Customer Reviews

3 Reviews
5 star:
4 star:    (0)
3 star:    (0)
2 star:    (0)
1 star:    (0)
Average Customer Review
Share your thoughts with other customers
Create your own review
Most Helpful First | Newest First

7 of 7 people found the following review helpful
5.0 out of 5 stars Beautiful use of words, June 26, 2005
Torger Vedeler (New Haven, Connecticut) - See all my reviews
This review is from: Postcards from the Province of Hyphens (Paperback)
Sonya Taaffe is, first of all, a wordsmith. She knows language and she knows how to use it to evoke emotion. This collection features an excellent sampling of her poetry and some short fiction, each piece evoking a different mood, from the raging to the sublime.

Each reader will take something different from this collection, of course, as befits fine poetry. As with so much of Taaffe's work, mythology is strong here. For me, standout pieces include Matlacihuatl's Gift, which won a Rhysling Award, Etemmu, which evokes old memories of Mesopotamia, and When You Came To Troy, which is raw and brutal in its honest depiction of the true horrors of war.

A gem of a collection. Highly recommended.
Help other customers find the most helpful reviews 
Was this review helpful to you? Yes No

5 of 5 people found the following review helpful
5.0 out of 5 stars Sterling., March 1, 2006
Verified Purchase(What's this?)
This review is from: Postcards from the Province of Hyphens (Paperback)
Sonya Taaffe, Postcards from the Province of Hyphens (Prime, 2005)

Sonya Taaffe is one of the modern masters of the written word. Why is this? It's somewhat hard to explain, mostly because great writers each have a particular greatness. In Taaffe's case, I think, what happens is that while her word choice strays from the path of normal conversation, it never strays far enough that one gets tangled up in one's own feet reaching for the dictionary; thus, one has the sensation of reading something out of the ordinary without going as far afield as, for example, one gets in some of Cormac McCarthy's novels. Combined with a slightly off-kilter (for Americans, anyway) sense of diction and grammar-- which comes, no doubt, from a number of years studying classical languages-- the overall effect is one of studying work in a foreign language, but being able to read it in one's native tongue. Assuming, of course, one's native tongue is English. (If it reads like this in other languages, without translation, then we've really got something for the papers.)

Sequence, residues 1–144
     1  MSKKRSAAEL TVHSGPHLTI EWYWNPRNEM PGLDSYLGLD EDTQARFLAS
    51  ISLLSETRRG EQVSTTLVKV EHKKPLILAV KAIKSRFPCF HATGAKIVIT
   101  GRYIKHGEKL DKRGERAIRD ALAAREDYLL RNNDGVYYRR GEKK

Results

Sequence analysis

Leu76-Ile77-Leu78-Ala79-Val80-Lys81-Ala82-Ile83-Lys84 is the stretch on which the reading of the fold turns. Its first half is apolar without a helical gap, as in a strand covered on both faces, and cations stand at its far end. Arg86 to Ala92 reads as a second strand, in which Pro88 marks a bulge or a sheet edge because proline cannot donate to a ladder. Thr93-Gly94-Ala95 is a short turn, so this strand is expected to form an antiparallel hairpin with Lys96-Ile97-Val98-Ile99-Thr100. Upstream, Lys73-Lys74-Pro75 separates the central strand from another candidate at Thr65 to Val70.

Taaffe is part of a new, as yet to my knowledge nameless, movement in the written word, one that blends fantasy (be it high, low, or anywhere in between) with that highbrow litt-rat-chaw stuff that most fantasists wouldn't be caught dead reading. This is nothing new; most recently, the horror-of-absence writers (the most notable being Kathe Koja and Lucius Shepard) trod this ground, and trod it well. What Taaffe and her contemporaries (Catherynne M. Valente being the name that comes most readily to mind) is that while Koja et al. work rather hard to keep their language in the gritty of the everyday, the industrial, Taaffe and co. reborrow the richness of the language of fantasy; where you'd not think of a Lucius Shepard story as a fantasy were it not to contain ghost ships, talking lizards, or the like, Taaffe's writing approaches a mythic quality simply on word choice, the allusions made and the like rather than the subject matter. While her subject matter normally does run to the fantastic, it doesn't always, and it's in these pieces where the momentum of the work can be seen; "Storm Gods of the Connecticut River Valley" is an obvious choice for an example.